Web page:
Thesis Guidelines:

  1. Cover Sheet. The thesis title, your name, your professor's name, your professor's department, the date, and your professor's signature with the statement, "I have supervised this work, read this thesis and certify that it has my approval" should all be included on the cover sheet.
  2. Introduction and Literature Review. This section is intended to provide a short introduction to the questions addressed in your thesis, including a review of the relevant literature. The literature review need not be extensive, but it should summarize the status of the field at the time the project was undertaken. This section should conclude with a clear, concise statement of the hypothesis to be tested or the questions to be answered.
  3. Materials and Methods. In this section, the materials (usually biological and/or chemical) used in your experiments should be reported and all techniques should be described. If a technique has been used essentially as reported in the literature, you can reference it without further description, but you should note any significant modifications of the original report. Methods should be reported in sufficient detail to allow an interested colleague to reproduce the experiments, if desired.
  4. Results. The purpose of this section is to describe your major experimental findings, which are usually summarized in the form of tables or figures. Tables and figures should be numbered consecutively, with each on a separate page. They may be inserted into the text as needed (usually as the page immediately following the text page on which a given table or figure is first mentioned) or collected together at the end of the thesis.
  5. Discussion and Conclusions. This section is intended to provide a discussion, interpretation, and summary of your findings. The conclusions that can be drawn from the data should be stated clearly and defended concisely. It is often appropriate to discuss your results in light of the findings of other investigators, particularly if your conclusions appear to be in conflict with those of others.
  6. References. All references cited in the text should be collected together in a bibliographic listing at the end of the thesis. You should use a consistent format for all references. References may be cited in the text by number (in parentheses or as superscripts) and listed here in order of citation. Alternatively, you can cite in references by name and list them alphabetically here. In the latter case, papers with one or two authors are usually cited in the text by name(s) and year (i.e., Smith and Kuba, 1999), whereas papers with three or more authors are usually cited as the first author et al. with the year (i.e., Smith et al., 1999).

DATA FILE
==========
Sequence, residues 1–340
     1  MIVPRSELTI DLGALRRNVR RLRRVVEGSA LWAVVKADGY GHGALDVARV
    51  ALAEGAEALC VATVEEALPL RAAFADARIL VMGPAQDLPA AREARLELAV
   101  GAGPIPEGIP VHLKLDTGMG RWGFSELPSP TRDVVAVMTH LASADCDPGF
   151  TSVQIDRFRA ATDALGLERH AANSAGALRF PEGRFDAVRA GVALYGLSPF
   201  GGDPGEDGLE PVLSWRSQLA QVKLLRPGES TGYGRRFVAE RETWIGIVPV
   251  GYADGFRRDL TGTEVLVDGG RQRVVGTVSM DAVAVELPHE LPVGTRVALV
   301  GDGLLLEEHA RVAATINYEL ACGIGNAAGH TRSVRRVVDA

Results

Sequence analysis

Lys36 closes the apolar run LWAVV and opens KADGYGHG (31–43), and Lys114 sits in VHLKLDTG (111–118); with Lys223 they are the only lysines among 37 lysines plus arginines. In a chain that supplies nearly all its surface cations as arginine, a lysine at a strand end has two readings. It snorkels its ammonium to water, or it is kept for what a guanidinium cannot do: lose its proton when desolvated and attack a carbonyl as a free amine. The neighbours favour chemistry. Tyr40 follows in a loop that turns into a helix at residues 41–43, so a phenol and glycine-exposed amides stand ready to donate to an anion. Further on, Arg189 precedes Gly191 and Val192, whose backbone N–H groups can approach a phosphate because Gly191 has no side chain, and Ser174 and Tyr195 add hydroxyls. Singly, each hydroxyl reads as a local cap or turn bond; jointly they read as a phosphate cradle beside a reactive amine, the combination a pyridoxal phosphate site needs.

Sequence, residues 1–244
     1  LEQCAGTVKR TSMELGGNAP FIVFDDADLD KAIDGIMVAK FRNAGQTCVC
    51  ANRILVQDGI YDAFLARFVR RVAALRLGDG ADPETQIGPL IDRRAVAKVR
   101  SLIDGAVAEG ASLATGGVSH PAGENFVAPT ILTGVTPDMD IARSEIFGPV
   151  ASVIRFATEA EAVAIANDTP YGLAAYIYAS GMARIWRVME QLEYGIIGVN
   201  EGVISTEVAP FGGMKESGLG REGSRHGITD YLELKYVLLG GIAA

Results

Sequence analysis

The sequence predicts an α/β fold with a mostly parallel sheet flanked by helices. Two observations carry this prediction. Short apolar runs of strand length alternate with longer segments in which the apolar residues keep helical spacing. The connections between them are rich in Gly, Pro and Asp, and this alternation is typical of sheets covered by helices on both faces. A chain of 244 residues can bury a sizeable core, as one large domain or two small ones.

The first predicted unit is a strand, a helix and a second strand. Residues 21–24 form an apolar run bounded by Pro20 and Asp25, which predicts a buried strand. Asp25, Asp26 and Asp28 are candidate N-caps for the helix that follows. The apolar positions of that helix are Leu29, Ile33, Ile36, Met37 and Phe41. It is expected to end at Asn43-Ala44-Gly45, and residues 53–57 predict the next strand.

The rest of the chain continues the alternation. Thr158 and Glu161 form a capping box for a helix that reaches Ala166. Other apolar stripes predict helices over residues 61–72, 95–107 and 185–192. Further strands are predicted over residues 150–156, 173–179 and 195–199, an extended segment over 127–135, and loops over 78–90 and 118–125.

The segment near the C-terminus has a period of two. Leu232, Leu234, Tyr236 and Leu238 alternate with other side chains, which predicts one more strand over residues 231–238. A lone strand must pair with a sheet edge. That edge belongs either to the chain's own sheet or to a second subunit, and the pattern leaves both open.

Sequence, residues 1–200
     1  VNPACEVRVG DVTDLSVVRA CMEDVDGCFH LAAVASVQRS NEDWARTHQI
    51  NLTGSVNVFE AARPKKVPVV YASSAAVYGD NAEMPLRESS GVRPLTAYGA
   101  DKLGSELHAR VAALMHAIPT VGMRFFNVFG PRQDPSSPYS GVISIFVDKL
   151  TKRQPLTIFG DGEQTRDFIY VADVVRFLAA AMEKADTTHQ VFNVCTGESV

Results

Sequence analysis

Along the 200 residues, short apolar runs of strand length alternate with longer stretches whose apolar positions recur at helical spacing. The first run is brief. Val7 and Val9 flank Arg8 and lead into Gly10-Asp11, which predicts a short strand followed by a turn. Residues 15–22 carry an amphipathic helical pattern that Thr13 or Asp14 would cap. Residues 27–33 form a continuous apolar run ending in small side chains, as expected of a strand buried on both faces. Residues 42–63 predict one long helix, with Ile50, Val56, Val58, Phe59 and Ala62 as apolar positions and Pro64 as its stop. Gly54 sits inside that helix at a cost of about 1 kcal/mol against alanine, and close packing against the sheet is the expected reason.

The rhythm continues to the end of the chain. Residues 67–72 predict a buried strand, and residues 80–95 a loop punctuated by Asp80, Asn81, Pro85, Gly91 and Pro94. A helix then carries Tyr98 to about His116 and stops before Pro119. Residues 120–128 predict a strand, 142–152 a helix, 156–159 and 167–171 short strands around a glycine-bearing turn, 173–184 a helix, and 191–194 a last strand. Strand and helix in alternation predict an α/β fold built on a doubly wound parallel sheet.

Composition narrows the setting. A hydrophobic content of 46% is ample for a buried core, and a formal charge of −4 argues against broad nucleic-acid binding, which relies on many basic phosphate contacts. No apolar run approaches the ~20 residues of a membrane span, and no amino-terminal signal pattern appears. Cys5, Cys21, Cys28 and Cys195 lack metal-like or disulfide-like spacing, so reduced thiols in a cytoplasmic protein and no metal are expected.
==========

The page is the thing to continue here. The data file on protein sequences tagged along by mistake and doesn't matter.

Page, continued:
7. Other Sections. It is helpful to include a short (one-page) abstract or summary and a table of contents at the beginning of your thesis. You may also wish to include a page of acknowledgements to express your appreciation to those who were especially helpful to you in your work.
  8. Appendices. Experimental details or findings that are only tangentially relevant to the thesis may be included as appendices, if it seems desirable to preserve a record of the information.

Final Thesis Submission

Upon receiving your thesis advisor’s approval for the finished thesis, submit the thesis as an email attachment to molecularbiomajor@ls.wisc.edu. The final deadline to submit the thesis is THREE WEEKS BEFORE THE LAST DAY OF CLASSES OF THAT SEMESTER.

The Molecular Biology major chairperson, as well as a Molecular Biology major faculty advisor chosen based on area of expertise will review the thesis. Upon approval, your thesis advisor will be contacted to provide a final grade for both semesters of the thesis course (i.e. 691/692 or 681/682).

If you anticipate needing additional time to complete the work, you must discuss this with your thesis advisor and have him/her inform the Molecular Biology undergraduate student services coordinator (See Molecular Biology major website for contact information). You will receive a grade of ‘incomplete’ if thesis is not submitted and graded by grade submission deadline. If you are graduating and need the 6 credits for graduation, you will not officially graduate until the thesis is reviewed and the ‘incomplete’ is removed.

If you do choose to take an ‘incomplete’, your final thesis must be submitted to the Molecular Biology undergraduate student services coordinator no later than the end of the first week of the next semester for which you register. If you need an extension past this deadline, you must request an extended incomplete from your thesis advisor AND have your thesis advisor contact the Molecular Biology undergraduate student services coordinator. Failing to do this will result in the ‘incomplete’ lapsing into an F.